But Greenwich authorities did not welcome this "outsider". "I have no reason to talk to Mark Fuhrman," snapped one investigator who refused Fuhrman's request for an interview. Authorities told Fuhrman they wouldn't cooperate because they did not want to jeopardize their ongoing investigation. "What they are actually doing." Fuhrman said, "is hiding old mistakes." "If you know there was a mistake and you leave it that way because you won't allow yourself to say or admit that you made a mistake, then that's a catastrophic mistake," he said.
Retired police Detective Stephen Carroll, one of the few cooperating with Fuhrman, agreed that investigators made mistakes but insisted the Skakel's did not get special treatment. "Mistakes happened," Carroll said. "Because of inexperience." The department had not handled a murder in 30 years.
"I think it was bungled from the first moment," Author Dominick Dunne said. "It was a small community then. And this was an amazingly rich family."
Fuhrman's interest in the case gave Moxley's family new hope that the murderer will finally be brought to justice. "He really has stirred things up, and if he can focus attention on the case, we're grateful to him," said the victim's mother, Dorthy Moxley. "That's my life, these days," she said. "The hope that someday we'll know who did this."
Fuhrman's book "Murder in Greenwich" was released in 1998 and publicly named Tommy's younger brother Michael Skakel as the prime suspect.
At the same time another book - "Greentown" - was published. Written by Greenwich native, Timothy Dumas - also pointed to the possible involvement of one of the Skakel brothers in the crime.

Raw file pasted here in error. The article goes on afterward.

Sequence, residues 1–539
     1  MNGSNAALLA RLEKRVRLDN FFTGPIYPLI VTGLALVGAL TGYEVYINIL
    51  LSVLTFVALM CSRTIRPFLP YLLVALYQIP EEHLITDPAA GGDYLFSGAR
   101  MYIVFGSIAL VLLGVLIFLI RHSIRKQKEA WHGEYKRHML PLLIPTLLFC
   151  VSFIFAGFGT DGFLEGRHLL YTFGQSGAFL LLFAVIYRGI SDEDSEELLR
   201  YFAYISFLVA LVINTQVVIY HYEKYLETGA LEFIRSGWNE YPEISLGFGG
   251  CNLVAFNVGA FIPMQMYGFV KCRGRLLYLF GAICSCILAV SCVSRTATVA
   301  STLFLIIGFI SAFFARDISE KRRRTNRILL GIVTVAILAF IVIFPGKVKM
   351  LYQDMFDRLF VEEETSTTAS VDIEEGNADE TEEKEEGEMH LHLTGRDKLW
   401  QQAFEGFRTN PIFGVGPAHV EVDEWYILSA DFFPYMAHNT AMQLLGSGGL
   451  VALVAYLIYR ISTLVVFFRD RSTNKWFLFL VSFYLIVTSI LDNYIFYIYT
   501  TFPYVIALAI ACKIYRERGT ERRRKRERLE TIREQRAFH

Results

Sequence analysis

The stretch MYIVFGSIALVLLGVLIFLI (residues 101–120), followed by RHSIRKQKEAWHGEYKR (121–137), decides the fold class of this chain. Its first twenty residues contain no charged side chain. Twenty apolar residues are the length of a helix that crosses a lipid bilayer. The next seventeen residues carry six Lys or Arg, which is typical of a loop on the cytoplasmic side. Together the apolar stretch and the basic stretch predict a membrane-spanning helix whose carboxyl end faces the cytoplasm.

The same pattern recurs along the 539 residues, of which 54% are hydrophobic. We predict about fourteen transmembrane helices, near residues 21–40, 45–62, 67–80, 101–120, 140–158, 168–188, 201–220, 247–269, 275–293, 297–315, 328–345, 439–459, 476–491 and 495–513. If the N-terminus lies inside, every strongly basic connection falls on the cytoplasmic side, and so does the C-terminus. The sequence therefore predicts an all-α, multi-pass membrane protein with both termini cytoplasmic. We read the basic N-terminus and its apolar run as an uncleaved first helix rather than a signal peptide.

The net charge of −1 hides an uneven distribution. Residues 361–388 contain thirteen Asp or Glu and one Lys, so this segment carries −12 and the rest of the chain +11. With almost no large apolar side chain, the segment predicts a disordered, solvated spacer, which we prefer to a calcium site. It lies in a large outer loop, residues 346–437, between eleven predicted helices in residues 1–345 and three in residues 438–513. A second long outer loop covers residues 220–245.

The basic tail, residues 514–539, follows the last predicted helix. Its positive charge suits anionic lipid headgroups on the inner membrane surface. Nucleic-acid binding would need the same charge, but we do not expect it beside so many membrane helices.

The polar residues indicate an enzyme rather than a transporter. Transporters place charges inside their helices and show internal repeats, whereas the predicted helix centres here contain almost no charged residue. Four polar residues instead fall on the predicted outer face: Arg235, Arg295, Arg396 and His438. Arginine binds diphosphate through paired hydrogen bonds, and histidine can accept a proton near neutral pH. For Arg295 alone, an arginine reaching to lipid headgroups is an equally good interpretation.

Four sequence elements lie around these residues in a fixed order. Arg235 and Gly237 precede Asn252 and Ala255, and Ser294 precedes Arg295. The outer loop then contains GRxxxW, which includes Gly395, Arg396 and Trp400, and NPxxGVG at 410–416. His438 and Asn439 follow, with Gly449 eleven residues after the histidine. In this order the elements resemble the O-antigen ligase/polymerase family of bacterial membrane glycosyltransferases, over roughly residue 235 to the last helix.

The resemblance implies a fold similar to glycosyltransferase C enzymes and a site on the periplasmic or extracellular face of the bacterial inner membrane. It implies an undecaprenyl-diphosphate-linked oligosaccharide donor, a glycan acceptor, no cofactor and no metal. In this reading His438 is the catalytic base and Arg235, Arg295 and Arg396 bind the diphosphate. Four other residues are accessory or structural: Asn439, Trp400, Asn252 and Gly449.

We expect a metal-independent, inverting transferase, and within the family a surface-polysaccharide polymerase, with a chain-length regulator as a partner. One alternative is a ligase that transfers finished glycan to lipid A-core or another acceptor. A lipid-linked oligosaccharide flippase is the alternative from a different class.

In May 1998, a three-judge panel approved prosecutors' request for a grand jury investigation. The state's chief court administrator then appointed Bridgeport Superior Court Judge George N. Thim to investigate evidence gathered by the Greenwich Police and the State Attorney's office.
Such grand juries, it should be noted, are rare in Connecticut and are only used when other investigative procedures have failed. As the grand jury, Judge Thim is able to subpoena witnesses to testify about the killing. Prosecutors in Connecticut do not have subpoena power and have complained they have been paralyzed in the Moxley case because they have been unable to force witnesses and suspects to speak with them.
The grand jury interviewed more than 50 witnesses in connection to the case. Some reportedly, former residents and staff of the Elan School in Poland Springs, Maine, where Michael Skakel allegedly confessed to the murder while undergoing rehab.
The grand jury held hearings, behind closed doors for 18 months, officially ended on December 10, 1999. Judge Thim then had 60 days to decide whether he believed there is enough evidence to make an arrest.
On January 19, 2000, at a 9:00 a.m. conference held in Bridgeport, Connecticut, prosecutors announced that an arrest warrant had been issued for "an unnamed juvenile". Attorney Mickey Sherman told reporters that his client, Michael Skakel, was the person in question - and that Skakel was on his way to Connecticut to surrender to authorities.
Later that same day, Michael Skakel surrendered to Frank Garr of the State Prosecutors Office at the Greenwich Police Department. Skakel was booked on charges of murder (as a juvenile) and posted $500,000 bail before being released.
May 4, 2002 a trial held in Norwalk, CT which took four weeks.
June 7, 2002: After four days of deliberations, the jury found
Michael Skakel Guilty as Charged.
Bail was revoked and Michael was confined to Garner Correctional Institution in Newtown, Connecticut, awaiting sentencing on August 9, 2002.
Mickey Sherman imediately announced that he will appeal!
August 29, 2002: After two days in court, Michael Skakel is sentenced to 20 years to Life in Prison.
January 14, 2006: The Connecticut State Supreme Court unanimously upheld the murder conviction of Michael Skakel.
October 26, 2007: A Connecticut State judge Rejected Kennedy cousin Michael Skakel's bid for a new criminal trial based on his claim of new evidence, discarding it as a flimsy theory that implicated two Bronx, N.Y., teenagers in 15-year-old Martha Moxley.
Western Junior H.S. 1974-75 and Greenwich H.S. 1975.